Wednesday, January 6, 2010

As usual, I had all sorts of grandiose plans for how I would spend the Christmas vacation from work. The stack of books beside my bed was enormous, I had plenty of British DVDs that I had been "saving for a special occasion" and I just knew I was going to make some extreme progress in working my way through the backlog. Naturally, not much was accomplished. The culprit in this lack of productivity was not yours truly, but rather Stephen King! Yes, I'll admit I was swayed by all the glowing reviews his new behemoth of a novel, Under the Dome, has been receiving, so I decided that I simply must read it.

Well . . . first of all, let's just say a word about the HEFT of the thing, shall we? It's totally unnecessary for a dedicated reader such as myself to risk injury to various facial features merely by attempting to hoist an over-sized book above my head in my favorite reclining reading position. Especially when said book has plenty of blank and/or nearly blank pages included. Ahem. Unfortunately, the sheer size of the book meant that I was pretty well occupied for the reading times I had available during the break.

On to the story. As I'm sure everyone has heard, the novel concerns the town of Chester's Mill, Maine, which is suddenly and inexplicably cut off from the rest of the world when an invisible dome descends. As several planes and cars crash into the dome, the plight of the town is soon brought to the attention of the media and the military, but no one seems to have any ideas on what can be causing the problem.

Conflicts among the people of the town are really the true story of the book. Unfortunately, the "bad" folks are identified pretty quickly, and there's a dark cloud hanging over the story as you wait for them to to do something to the "good" guys (who naturally have some previous history with the baddies in pre-dome days). There were some pretty amusing and thinly veiled references to some recent politicians sprinkled throughout the book.

As usual with Stephen King's books, the actual story is very engaging and the characters are interesting. The only downside with the book (aside from the heavy-handed baddies and the aforementioned weight of the thing) was the ending. I must admit, I was wondering what the explanation and resolution was going to be, and I was sadly disappointed. Really? That's the best you could come up with after all that? It was really beyond silly. But, I guess that's the chance you take when you suspend disbelief with Uncle Stevie -- sometimes you're rewarded (The Mist or any short stories), sometimes you end up with strained eyes (from rolling them back in your head too frequently) and carpal tunnel from lifting the books. This was the latter, sadly.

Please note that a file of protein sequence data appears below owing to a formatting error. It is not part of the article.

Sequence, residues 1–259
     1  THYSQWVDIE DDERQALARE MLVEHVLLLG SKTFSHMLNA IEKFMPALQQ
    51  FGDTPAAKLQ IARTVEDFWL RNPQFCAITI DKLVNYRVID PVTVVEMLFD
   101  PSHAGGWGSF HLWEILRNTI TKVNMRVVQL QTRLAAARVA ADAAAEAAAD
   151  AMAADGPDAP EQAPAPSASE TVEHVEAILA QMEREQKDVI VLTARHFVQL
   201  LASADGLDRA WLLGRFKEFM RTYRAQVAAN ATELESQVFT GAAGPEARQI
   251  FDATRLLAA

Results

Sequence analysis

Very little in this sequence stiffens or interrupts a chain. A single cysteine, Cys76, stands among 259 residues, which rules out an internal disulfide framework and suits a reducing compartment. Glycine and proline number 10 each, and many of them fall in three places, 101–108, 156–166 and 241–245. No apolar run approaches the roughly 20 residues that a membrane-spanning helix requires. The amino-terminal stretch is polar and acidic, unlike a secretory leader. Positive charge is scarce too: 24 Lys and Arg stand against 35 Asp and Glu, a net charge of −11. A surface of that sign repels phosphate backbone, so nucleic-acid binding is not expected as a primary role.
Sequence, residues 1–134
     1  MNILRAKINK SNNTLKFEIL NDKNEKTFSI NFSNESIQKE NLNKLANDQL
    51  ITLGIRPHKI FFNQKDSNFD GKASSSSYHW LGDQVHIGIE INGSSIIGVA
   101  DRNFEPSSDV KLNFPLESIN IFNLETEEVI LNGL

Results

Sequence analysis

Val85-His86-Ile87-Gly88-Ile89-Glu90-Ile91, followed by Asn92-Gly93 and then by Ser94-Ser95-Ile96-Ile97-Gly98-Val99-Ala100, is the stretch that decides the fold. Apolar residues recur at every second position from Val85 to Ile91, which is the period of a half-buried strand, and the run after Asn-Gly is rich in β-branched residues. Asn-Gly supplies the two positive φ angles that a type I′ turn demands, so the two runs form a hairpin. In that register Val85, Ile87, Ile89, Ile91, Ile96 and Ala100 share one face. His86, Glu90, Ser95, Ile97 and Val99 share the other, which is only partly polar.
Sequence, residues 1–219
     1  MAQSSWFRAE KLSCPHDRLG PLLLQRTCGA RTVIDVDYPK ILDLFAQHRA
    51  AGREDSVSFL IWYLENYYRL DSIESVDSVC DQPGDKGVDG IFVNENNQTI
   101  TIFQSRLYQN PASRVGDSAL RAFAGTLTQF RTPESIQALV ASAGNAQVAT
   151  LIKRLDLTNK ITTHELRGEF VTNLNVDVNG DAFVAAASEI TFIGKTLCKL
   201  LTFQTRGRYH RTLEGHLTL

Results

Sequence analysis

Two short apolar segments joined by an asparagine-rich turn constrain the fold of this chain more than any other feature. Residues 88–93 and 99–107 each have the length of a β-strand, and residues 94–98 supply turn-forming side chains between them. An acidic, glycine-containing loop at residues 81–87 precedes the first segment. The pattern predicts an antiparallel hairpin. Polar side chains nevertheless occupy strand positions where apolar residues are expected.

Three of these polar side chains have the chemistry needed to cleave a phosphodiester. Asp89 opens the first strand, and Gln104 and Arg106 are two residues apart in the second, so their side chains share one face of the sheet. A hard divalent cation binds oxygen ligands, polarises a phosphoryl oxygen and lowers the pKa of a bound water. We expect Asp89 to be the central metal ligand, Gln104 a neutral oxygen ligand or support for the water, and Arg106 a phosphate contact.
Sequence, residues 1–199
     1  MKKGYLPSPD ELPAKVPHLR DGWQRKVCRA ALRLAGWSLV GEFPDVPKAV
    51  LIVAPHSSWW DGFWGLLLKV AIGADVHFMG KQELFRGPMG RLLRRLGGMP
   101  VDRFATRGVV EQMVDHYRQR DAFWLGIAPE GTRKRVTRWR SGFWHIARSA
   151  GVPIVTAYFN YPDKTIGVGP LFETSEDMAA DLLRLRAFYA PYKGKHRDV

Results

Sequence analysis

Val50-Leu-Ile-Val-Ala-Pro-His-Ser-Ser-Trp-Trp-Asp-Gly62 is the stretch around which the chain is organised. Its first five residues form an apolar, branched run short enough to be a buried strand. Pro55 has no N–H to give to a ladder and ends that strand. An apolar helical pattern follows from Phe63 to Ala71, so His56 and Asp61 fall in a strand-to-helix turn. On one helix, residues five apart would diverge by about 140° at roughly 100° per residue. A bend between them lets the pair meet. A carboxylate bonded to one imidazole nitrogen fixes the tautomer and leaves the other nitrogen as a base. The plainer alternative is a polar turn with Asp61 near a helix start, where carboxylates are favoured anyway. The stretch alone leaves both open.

Oh well, I'm sure that won't deter me from reading/listening to his next effort! And maybe the movie will be better.

Final Verdict for Under the Dome: Two Gherkins, for a promising start, but an overall disappointing outing from the King of Horror


About Me

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I'm a librarian who is interested in all things British. I try to visit London as often as possible, and am always planning my next trip. I lived in Sweden for a few years with my Swedish husband, so the occasional Swedish reference may occur . . .

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My LibraryThing Library

The Gherkin Scale

5gherkinsb Brilliant!

4gherkinsb Good, innit?

3gherkinsb Fair to middlin'

2gherkinsb Has some good points

1gherkin Oi! Wot you playin' at?

0gherkins3Don't be givin' me evils!

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